Aristotle and Philoponus on Light by Jean De Groot

By Jean De Groot

Originally released in 1991. Philoponus’ lengthy observation on Aristotle’s definition of sunshine units up the main issues, either in optics and conception of sunshine, which are mentioned right here. gentle was once of specified curiosity in Neoplatonism due to its being anything incorporeal on the planet of average our bodies. mild consequently had a different function within the philosophical research of the interpenetration of our bodies and used to be additionally a paradigm for the soul-body challenge. The ebook comprises a lot in regards to the body structure of imaginative and prescient in addition to the propagation of sunshine. a number of chapters examine the philosophical concept in the back of what got here to be referred to as ‘multiplication of species’ in medieval mild concept. those concerns within the historical past of technological know-how are positioned inside of an research of Neoplatonic improvement of the excellence among Aristotle’s kinesis and energeia. The publication treats Philoponus’ philosophy of mathematical technology from the perspective of subject, volume, and three-dimensionality.

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And so on. The seventh claim is of a different kind than the other six, being primarily of a physiological character. I shall now examine the way Descartes justifies in his writings the first six claims. These claims, as we shall shortly see, are interdependent. The key one among them, in the sense that the others follow from it given some additional independent Cartesian assumptions, is the third, namely, that colour in seen things does not resemble the idea of colour in our mind. 19 The claim that bodies do not contain anything similar to the idea of colour in our mind follows from Descartes’ conception of body.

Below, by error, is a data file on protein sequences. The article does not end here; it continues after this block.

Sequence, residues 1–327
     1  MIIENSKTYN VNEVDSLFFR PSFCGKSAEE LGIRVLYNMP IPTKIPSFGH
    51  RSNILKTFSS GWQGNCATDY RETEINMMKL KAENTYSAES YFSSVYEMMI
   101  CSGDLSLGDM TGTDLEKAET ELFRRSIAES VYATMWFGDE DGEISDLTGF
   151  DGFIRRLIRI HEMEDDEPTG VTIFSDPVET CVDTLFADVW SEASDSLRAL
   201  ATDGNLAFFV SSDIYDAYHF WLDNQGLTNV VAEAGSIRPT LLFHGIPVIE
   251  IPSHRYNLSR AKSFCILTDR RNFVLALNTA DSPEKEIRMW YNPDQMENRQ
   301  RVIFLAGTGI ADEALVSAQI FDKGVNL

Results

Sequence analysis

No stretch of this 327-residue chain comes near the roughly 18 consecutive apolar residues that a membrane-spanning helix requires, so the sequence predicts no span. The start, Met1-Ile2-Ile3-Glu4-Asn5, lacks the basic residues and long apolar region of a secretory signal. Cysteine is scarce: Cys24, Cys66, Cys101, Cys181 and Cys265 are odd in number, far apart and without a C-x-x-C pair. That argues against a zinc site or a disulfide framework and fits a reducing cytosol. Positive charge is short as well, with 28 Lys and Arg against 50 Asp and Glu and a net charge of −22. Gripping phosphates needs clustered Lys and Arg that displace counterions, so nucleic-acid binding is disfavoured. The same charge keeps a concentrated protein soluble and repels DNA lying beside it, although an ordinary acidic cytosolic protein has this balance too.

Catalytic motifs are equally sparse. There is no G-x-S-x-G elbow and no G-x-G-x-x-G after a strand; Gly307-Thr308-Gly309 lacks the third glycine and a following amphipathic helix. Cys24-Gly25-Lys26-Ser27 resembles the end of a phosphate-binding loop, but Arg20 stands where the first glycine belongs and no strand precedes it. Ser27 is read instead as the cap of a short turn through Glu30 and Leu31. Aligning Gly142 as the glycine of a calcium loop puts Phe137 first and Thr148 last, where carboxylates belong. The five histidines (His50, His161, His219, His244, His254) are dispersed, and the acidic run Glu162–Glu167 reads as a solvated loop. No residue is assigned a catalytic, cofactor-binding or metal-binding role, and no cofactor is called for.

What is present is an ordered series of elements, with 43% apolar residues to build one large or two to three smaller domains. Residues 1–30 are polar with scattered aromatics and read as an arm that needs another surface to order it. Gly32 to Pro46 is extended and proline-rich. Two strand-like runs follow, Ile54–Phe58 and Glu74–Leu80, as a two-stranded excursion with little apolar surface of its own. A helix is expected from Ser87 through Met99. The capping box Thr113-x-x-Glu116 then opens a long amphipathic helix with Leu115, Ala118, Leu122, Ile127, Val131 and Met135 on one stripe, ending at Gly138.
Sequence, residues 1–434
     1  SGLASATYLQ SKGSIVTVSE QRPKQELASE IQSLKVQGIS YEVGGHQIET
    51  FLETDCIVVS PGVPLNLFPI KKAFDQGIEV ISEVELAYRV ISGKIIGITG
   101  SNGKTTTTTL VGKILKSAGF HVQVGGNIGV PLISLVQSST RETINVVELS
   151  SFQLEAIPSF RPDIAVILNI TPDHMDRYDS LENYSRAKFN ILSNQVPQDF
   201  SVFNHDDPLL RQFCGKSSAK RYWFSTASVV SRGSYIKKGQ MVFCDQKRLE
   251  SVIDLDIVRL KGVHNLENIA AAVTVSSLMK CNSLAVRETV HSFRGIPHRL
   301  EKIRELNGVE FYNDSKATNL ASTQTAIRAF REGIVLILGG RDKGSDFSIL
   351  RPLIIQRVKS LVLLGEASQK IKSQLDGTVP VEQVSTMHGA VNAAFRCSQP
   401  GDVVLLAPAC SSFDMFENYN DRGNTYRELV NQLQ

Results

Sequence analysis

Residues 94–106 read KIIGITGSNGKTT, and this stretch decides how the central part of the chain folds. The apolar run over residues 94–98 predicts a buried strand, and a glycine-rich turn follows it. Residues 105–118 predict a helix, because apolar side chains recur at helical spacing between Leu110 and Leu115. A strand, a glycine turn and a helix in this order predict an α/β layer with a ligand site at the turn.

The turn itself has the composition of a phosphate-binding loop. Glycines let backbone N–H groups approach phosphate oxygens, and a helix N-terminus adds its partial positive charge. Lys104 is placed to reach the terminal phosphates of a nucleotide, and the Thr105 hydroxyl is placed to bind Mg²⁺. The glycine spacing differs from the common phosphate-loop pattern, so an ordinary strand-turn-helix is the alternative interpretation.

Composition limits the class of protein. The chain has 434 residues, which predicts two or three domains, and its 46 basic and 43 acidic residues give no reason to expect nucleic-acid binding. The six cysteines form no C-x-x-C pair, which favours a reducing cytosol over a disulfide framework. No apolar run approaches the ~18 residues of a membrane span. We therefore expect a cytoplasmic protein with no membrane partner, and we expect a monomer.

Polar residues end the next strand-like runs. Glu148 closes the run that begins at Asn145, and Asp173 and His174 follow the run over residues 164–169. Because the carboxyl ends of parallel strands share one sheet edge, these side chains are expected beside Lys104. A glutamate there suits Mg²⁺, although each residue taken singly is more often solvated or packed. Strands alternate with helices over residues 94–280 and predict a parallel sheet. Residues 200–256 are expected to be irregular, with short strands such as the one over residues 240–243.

The idea of colour is caused by the colour in the things we see. The colour in seen things does not resemble the idea of colour in our mind. The colour in seen things is their disposition that causes the idea of colour. 18 This representation in the mind, even when it is adequate, does not resemble what it represents. The idea in the mind is determined by the brain’s state. I have formulated here the theory with respect to colour, but it can be formulated in the same way with respect to any sensory quality, as we saw Descartes doing in several places above.

We of course do not usually simply see a red object that fills our visual field; what we rather see are several objects that are different from each other in colour and whose colour is not uniform either. What Aristotle’s position should commit us to, then, is that different parts of the eye receive the different colours of the objects we see; and as we see their shapes as well, these should be received appropriately in our eye too. That is, we should have in our eye images of the things we see.

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